I'll just state for the record that an organic farm in Lower Saxony* Germany has recently killed more people than died in the BP gulf oil platform blowout and the Fukushima meltdown combined. Mr. Sirota should consider who, in fact, is doing the harm, and who is bringing literal light to the darkness.
UPDATE: *Corrected from "southern" Germany. Thanks, Freefall.
Labels: No Energy Economy
Friday, June 10, 2011
Thought of the Day
"Organic" Is The Latin Word For "Grown In Pig Shit"
Now is the time at SDA when we juxtapose!
Thought for food: Organic farming is good for you and the planet. [...] As organic farming grows and more and more large operations sprout up,...
Investigators have determined that German-grown vegetable sprouts [from an organic farm in Lower Saxony] are the cause of the E. coli outbreak that has killed 29 people and sickened nearly 3,000, the head of Germany's national disease control center said Friday.
What I would challenge you to do is to put a lot of effort into trying to see whether there’s a legal way of throwing our so-called environmentalist activists into jail because what they’re doing is a criminal act.
Kate at Small Dead Animals
Labels: Kate McMillan quote
Wednesday, June 08, 2011
Thought of the Day
Labels: Ann Coulter quote
Tuesday, June 07, 2011
Unscientific Science Journalists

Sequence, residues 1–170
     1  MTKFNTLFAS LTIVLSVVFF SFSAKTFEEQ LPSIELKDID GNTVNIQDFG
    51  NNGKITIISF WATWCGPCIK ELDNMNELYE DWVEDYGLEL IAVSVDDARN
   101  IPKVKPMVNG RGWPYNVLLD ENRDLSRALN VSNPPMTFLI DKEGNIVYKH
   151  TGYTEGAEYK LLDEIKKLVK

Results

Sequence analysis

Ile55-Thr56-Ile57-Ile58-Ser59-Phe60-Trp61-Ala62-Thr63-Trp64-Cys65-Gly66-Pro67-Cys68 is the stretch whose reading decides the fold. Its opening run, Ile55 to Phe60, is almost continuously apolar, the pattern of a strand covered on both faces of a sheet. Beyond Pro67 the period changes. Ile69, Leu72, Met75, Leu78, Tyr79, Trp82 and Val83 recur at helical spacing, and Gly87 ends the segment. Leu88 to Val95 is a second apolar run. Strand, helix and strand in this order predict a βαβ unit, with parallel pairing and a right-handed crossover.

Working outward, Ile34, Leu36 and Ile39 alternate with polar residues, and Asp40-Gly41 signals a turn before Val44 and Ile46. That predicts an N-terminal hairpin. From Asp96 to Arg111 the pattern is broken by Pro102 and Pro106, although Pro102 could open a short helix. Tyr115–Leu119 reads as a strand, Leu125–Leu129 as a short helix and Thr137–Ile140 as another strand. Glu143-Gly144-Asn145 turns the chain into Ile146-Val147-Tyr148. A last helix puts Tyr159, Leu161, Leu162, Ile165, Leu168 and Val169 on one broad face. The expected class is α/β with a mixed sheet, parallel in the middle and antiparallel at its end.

Obama’s visit to Joplin was the third that he had made in a month to the site of a weather-related disaster. In mid-May, the President met with Memphis residents who had been left homeless by the flooding of the Mississippi River, and, not long before that, he toured sections of Tuscaloosa, Alabama, that had also been flattened by a tornado. Meanwhile, even as the President was consoling the bereaved in Joplin, residents in Vermont were bailing out from record-high water levels around Lake Champlain; Texas was suffering from a near-record drought that could cost the state more than four billion dollars in agricultural losses; and officials at the National Oceanic and Atmospheric Administration were forecasting that the 2011 Atlantic hurricane season, which formally began on June 1st, would once again be “above normal.” (The 2010 season was tied for the third most active on record.) The news from abroad was, if anything, more worrisome. Last week, the Chinese government estimated that more than four million people were having trouble finding drinking water, owing to a drought along the Yangtze River. The French agricultural minister warned that an exceptionally hot, dry spring would reduce that country’s wheat harvest. And in Colombia more than two million acres of land have been submerged after almost a year of nearly continuous rain. “Over the past ten months, we have registered five or six times more rainfall than usual,” the director of Colombia’s meteorological agency, Ricardo Lozano, said.